Full table

Jarvik 2000

The Jarvik 2000 (Jarvik Heart Inc., New York, NY, USA) is a miniaturized continuous-flow LVAD weighing only 90 gr and implanted in apical intraventricular position. The implant can be performed through a standard median sternotomy or a left thoracotomy; in the left thoracotomy approach the outflow graft is anastomosed to the descending thoracic aorta. The Jarvik 2000 displays the peculiar feature that the power cable may exit at the apex of the chest in the first intercostal space and passes then through the neck to a titanium pedestal screwed into the skull behind the mastoid process; this percutaneous pedestal, based on cochlear implant technology, transmits the cable to an external portable controller and battery (13).

The first encouraging results of this device bridging safely and satisfactorily patients to HTx date to 2000 and were performed at the Texas Heart Institute (14-16).

In an American and European multicentre study evaluating the mechanical reliability of the Jarvik 2000, 83 patients had the device implanted with an abdominal power supply as BTT (17). No mechanical failure of the pumps or any implantable components occurred in the study population over a mean period of support of 159 days.

The adverse events of this axial LVAD were well detailed in single-centre study enrolling 22 patients (18). Re-exploration for bleeding was the most frequent adverse event (40.9%) followed by stroke (22.7%). Right ventricular failure requiring MCS, gastrointestinal bleeding and driveline infection were encountered in only one patient (4.5%), respectively. There were no cases of pump thrombosis. In this experience the rate of acute postoperative bleeding, despite minor surgical trauma, was high and the authors stated that it could be explained partly by the high incidence of preoperative liver dysfunction among the patients.

Finally, the surgical team of the University of Maryland published in 2012 the second largest USA experience with the Jarvik 2000 (19). They implanted 35 devices in a study-period of 8 years and, as a comparison group, they selected 30 consecutive HeartMate II recipients. Compared with the Heartmate II population, Jarvik 2000 insertion was associated with significantly fewer intraoperative packed red blood cells transfusions but total operative time for on-pump insertion tended to be significantly longer in patients undergoing Jarvik 2000 implantation despite similar cardiopulmonary bypass times. However, overall survival did not differ by device. Moreover, intraoperative transfusions at the time of LVAD insertion and total intensive care unit stay after LVAD insertion were found by multiple regression to be significantly reduced for patients who had undergone previous sternotomy and received a Jarvik 2000 implant through a left thoracotomy when compared with patients requiring repeat sternotomy for implantation of either the Jarvik 2000 or the HeartMate II.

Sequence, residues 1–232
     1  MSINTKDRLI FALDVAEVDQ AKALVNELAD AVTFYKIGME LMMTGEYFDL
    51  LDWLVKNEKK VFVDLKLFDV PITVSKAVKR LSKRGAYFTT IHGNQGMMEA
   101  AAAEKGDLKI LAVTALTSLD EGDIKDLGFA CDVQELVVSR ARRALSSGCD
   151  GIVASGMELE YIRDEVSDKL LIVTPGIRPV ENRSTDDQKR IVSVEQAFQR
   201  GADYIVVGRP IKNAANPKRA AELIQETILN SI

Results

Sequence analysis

Continuous-flow centrifugal LVAD

The “3rd generation” continuous-flow LVAD are rotary devices with an impeller or rotor suspended in the blood flow path using a “noncontact” bearing design. In the majority of cases, this design utilizes a “centrifugal” blood flow path and incorporates either magnetic and/or hydrodynamic levitation of the internal impeller. The only exception is represented by the Incor (Berlin Heart GmbH, Berlin, Germany), which is a “3rd generation” rotary pump with an axial blood flow path and magnetic levitation of the internal rotor (3).

HeartWare

The HeartWare (HeartWare Inc., Framingham, MA, USA) has the unique feature of a small design size. It has a displacement volume of 45 mL and weighs 145 g with a flow capacity of up to 10 L/min. The device is small enough to take place within the pericardial cavity without the need for dissection and creation of a preperitoneal pocket (3).